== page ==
It looks like you're using an Ad Blocker.
Please white-list or disable AboveTopSecret.com in your ad-blocking tool.
Some features of ATS will be disabled while you continue to use an ad-blocker.
Mount Rainier is a massive stratovolcano located 54 miles (87 km) southeast of Seattle in the state of Washington, United States. It is the most topographically prominent mountain in the contiguous United States and the Cascade Volcanic Arc, with a summit elevation of 14,411 feet (4,392 m). Mt. Rainier is considered one of the most dangerous volcanoes in the world, and it is on the Decade Volcano list. Because of its large amount of glacial ice, Mt. Rainier could potentially produce massive lahars that would threaten the whole Puyallup River valley.
Mount Rainier, at 4392 m the highest peak in the Cascade Range, forms a dramatic backdrop to the Puget Sound region. Large Holocene mudflows from collapse of this massive, heavily glaciated andesitic volcano have reached as far as the Puget Sound lowlands. The present summit was constructed within a large crater breached to the northeast formed by collapse of the volcano during a major explosive eruption about 5600 years that produced the widespread Osceola Mudflow. Rainier has produced eruptions throughout the Holocene, including about a dozen during the past 2600 years; the largest of these occurred about 2200 years ago. The present-day summit cone is capped by two overlapping craters. Extensive hydrothermal alteration of the upper portion of the volcano has contributed to its structural weakness; an active thermal system has caused periodic melting on flank glaciers and produced an elaborate system of steam caves in the summit icecap. Reported 19th-century eruptions have not left identifiable deposits, but a phreatic eruption may have taken place as recently as 1894.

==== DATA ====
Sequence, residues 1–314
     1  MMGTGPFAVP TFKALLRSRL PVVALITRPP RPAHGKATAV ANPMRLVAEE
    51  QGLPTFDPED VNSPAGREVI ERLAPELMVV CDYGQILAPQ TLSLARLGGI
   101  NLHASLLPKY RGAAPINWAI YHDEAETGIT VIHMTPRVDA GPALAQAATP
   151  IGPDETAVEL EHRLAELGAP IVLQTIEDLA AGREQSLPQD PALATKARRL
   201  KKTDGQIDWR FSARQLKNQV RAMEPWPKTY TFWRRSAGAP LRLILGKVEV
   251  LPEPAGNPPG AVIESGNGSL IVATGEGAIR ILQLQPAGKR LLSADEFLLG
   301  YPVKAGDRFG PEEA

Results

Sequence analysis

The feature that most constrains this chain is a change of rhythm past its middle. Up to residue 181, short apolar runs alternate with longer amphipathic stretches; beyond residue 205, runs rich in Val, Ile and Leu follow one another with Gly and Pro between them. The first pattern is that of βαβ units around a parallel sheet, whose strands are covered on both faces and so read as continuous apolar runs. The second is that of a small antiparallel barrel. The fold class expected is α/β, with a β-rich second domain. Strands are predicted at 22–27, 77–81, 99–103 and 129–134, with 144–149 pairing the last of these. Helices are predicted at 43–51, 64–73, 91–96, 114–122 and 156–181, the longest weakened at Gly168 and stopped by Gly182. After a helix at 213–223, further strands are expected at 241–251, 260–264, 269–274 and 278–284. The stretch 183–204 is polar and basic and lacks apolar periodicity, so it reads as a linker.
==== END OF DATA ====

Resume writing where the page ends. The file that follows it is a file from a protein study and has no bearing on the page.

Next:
Originally posted by PuterMan
I note that there is little or nothing visible on the next layer of seismos out which would indicate that this is happening on the peak if it is ice or under the peak if seismic.